While these two systems captured the same phenomena, we cannot test all possible configurations and must instead carefully consider the circumstances under which our model is applicable. Large-scale bonds can be too wide or too narrow. If the width of large-scale bonds is too great in comparison with their length, then the resulting structure will effectively be a single-scale lattice with a regular array of small perforations. If large-scale bonds contain two or fewer rows of small-scale bonds, the coordination number of the network with all bonds present will be four, making the network susceptible to immediate loss of stiffness upon dilution of bonds. Moreover, stretching of networks will lead to transverse contraction, producing a lateral load on horizontal bonds. If large-scale bonds buckle, our picture of a primarily stretching-stabilized network will be invalid. We here propose methods to identify the range of aspect ratios for which our model should be expected to apply.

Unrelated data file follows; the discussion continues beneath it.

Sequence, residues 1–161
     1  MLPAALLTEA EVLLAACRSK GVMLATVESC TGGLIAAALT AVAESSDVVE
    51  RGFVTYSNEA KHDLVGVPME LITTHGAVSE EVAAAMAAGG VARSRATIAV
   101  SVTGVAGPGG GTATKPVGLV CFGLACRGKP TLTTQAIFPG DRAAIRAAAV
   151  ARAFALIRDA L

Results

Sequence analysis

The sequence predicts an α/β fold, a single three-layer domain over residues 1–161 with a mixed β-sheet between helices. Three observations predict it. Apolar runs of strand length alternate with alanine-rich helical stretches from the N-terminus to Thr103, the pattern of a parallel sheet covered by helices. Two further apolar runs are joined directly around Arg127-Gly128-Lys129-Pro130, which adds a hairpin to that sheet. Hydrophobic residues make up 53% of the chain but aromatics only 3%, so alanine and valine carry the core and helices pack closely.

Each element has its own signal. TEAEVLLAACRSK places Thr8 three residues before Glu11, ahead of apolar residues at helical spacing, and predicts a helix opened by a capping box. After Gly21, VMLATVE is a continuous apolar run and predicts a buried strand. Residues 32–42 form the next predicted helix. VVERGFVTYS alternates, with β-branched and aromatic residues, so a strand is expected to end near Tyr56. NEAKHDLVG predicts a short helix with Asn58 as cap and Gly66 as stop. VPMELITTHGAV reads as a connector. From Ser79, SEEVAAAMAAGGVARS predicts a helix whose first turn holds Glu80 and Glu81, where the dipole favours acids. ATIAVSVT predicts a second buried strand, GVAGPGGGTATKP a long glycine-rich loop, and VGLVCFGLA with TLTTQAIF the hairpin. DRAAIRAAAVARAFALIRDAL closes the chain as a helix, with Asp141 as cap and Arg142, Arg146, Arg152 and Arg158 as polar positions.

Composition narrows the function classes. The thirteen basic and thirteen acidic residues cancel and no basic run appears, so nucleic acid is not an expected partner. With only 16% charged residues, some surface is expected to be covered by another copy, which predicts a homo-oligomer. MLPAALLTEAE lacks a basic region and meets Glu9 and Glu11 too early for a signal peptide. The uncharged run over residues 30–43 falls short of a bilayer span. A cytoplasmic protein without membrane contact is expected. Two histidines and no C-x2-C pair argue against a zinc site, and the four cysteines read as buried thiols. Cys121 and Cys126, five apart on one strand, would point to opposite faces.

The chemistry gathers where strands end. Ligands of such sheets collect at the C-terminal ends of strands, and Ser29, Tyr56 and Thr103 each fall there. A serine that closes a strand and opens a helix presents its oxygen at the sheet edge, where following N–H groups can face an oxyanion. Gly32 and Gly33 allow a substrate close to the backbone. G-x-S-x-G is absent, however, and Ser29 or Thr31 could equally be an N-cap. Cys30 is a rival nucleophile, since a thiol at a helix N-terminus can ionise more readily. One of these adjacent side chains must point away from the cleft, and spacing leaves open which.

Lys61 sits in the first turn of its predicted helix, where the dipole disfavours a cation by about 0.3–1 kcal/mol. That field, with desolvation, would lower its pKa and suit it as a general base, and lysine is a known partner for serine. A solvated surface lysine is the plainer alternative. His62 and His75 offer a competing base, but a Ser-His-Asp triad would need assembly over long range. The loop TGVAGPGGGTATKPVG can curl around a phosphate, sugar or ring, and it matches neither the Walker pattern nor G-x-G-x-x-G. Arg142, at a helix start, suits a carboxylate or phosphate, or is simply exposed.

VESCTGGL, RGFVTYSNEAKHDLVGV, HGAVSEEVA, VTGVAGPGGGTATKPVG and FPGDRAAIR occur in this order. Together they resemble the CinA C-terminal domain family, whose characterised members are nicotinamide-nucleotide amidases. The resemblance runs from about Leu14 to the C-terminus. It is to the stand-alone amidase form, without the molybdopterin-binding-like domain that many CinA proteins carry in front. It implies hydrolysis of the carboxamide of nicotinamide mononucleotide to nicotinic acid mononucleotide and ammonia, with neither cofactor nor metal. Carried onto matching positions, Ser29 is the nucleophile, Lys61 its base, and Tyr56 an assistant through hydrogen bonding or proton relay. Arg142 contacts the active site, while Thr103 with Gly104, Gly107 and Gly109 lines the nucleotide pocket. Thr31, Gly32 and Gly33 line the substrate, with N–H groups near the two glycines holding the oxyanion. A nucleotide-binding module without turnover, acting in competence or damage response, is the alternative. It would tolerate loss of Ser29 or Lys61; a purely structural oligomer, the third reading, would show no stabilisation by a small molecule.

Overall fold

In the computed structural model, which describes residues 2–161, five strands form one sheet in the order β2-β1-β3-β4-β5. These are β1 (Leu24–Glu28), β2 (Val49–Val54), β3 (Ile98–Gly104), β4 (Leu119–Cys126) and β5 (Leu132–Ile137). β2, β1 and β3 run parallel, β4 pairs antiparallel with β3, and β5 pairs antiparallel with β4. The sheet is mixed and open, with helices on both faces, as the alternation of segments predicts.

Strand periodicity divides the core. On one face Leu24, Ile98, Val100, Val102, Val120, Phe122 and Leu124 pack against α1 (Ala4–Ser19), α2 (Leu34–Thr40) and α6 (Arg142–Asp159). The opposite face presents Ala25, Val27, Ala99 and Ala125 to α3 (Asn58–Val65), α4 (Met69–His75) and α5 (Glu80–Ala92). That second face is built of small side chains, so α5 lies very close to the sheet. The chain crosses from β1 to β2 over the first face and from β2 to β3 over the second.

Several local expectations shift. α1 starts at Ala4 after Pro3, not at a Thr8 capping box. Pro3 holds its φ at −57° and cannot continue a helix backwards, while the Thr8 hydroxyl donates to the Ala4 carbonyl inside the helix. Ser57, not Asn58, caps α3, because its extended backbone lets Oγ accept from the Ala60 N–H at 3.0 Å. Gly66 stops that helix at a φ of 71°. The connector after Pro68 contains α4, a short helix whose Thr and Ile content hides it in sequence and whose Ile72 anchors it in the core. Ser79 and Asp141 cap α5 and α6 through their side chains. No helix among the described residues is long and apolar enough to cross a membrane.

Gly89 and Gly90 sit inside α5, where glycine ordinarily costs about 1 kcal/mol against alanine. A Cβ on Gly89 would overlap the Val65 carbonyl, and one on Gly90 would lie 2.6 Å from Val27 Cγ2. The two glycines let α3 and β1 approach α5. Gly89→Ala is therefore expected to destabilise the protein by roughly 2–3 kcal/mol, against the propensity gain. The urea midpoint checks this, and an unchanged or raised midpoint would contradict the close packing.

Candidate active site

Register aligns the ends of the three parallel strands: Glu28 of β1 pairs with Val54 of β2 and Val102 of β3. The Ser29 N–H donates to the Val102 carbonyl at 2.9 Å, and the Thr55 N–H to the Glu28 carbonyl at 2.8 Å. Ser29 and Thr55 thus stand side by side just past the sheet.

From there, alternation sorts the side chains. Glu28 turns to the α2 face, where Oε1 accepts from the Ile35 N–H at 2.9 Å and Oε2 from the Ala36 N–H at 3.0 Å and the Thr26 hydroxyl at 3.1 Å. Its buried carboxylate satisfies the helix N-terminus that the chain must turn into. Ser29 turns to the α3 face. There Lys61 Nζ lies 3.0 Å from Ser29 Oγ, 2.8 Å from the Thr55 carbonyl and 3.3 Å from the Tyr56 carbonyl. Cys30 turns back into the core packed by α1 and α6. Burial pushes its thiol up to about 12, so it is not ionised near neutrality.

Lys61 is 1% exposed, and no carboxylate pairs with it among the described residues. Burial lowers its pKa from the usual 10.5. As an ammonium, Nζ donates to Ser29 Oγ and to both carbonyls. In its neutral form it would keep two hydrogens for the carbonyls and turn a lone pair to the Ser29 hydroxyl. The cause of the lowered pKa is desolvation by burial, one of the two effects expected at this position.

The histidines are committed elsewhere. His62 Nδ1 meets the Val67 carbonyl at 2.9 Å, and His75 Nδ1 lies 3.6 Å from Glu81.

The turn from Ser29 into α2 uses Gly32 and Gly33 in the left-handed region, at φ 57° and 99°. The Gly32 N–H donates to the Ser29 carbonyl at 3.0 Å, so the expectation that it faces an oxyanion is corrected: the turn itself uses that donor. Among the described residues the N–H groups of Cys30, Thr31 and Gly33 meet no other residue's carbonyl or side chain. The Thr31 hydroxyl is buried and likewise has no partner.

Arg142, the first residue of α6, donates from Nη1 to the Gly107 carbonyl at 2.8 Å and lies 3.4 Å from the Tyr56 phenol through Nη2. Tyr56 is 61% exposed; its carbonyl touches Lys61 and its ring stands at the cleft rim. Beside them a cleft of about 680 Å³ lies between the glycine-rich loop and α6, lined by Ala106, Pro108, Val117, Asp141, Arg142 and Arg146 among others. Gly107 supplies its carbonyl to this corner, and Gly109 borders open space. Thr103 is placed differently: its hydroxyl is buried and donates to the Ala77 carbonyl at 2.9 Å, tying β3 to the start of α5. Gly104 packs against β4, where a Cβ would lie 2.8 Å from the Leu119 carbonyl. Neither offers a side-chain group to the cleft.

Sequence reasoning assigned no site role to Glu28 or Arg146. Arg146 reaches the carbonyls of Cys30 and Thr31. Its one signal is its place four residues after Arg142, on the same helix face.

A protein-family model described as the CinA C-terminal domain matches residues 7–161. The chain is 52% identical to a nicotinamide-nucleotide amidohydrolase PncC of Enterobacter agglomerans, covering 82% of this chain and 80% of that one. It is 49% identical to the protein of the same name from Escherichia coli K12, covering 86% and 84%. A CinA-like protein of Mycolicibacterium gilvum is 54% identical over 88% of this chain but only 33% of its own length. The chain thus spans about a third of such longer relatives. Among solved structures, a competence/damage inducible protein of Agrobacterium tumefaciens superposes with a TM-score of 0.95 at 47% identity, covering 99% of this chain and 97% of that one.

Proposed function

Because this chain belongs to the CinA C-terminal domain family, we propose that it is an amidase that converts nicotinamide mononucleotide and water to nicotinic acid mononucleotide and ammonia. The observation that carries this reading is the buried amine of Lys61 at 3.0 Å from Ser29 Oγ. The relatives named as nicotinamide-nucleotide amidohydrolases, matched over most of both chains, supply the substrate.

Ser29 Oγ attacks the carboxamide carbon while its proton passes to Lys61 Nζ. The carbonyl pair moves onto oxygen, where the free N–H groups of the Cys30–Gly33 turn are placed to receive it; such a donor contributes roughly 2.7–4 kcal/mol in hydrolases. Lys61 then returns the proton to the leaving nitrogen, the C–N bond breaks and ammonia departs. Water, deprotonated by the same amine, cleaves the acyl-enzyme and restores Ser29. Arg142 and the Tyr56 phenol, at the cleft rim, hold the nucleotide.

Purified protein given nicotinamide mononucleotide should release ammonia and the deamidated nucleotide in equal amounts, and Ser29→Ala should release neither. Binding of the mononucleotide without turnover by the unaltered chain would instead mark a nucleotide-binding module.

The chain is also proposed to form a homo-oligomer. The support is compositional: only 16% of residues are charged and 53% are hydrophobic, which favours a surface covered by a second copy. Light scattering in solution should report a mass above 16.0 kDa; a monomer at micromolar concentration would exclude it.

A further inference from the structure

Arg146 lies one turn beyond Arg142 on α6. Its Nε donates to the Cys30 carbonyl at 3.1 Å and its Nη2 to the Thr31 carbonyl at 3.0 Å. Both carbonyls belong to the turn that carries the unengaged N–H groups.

We performed tensile simulations to determine the change in the displacement field of a single-scale lattice under tension due to the presence of a hole of width w. Note that a two-scale lattice with bonds of length l and width w, in units of small-scale bond length, may be viewed as a single-scale network with a periodic array of equilateral triangular holes with side length *SI Appendix*, yields

Thus, our proposed formulation for stiffness of a hierarchical lattice is expected to apply to a wide range of networks. Crucially, we observe that it accurately describes 1-, 2-, and 3-level lattices (Fig. 2*E*), suggesting that the smallest length scale can always be replaced by a network of even smaller bonds, and the stiffness will remain the product of all excess bond portions. This general formulation facilitates investigation of highly hierarchical (e.g., 10-level) lattices.

## Structural Error Tolerance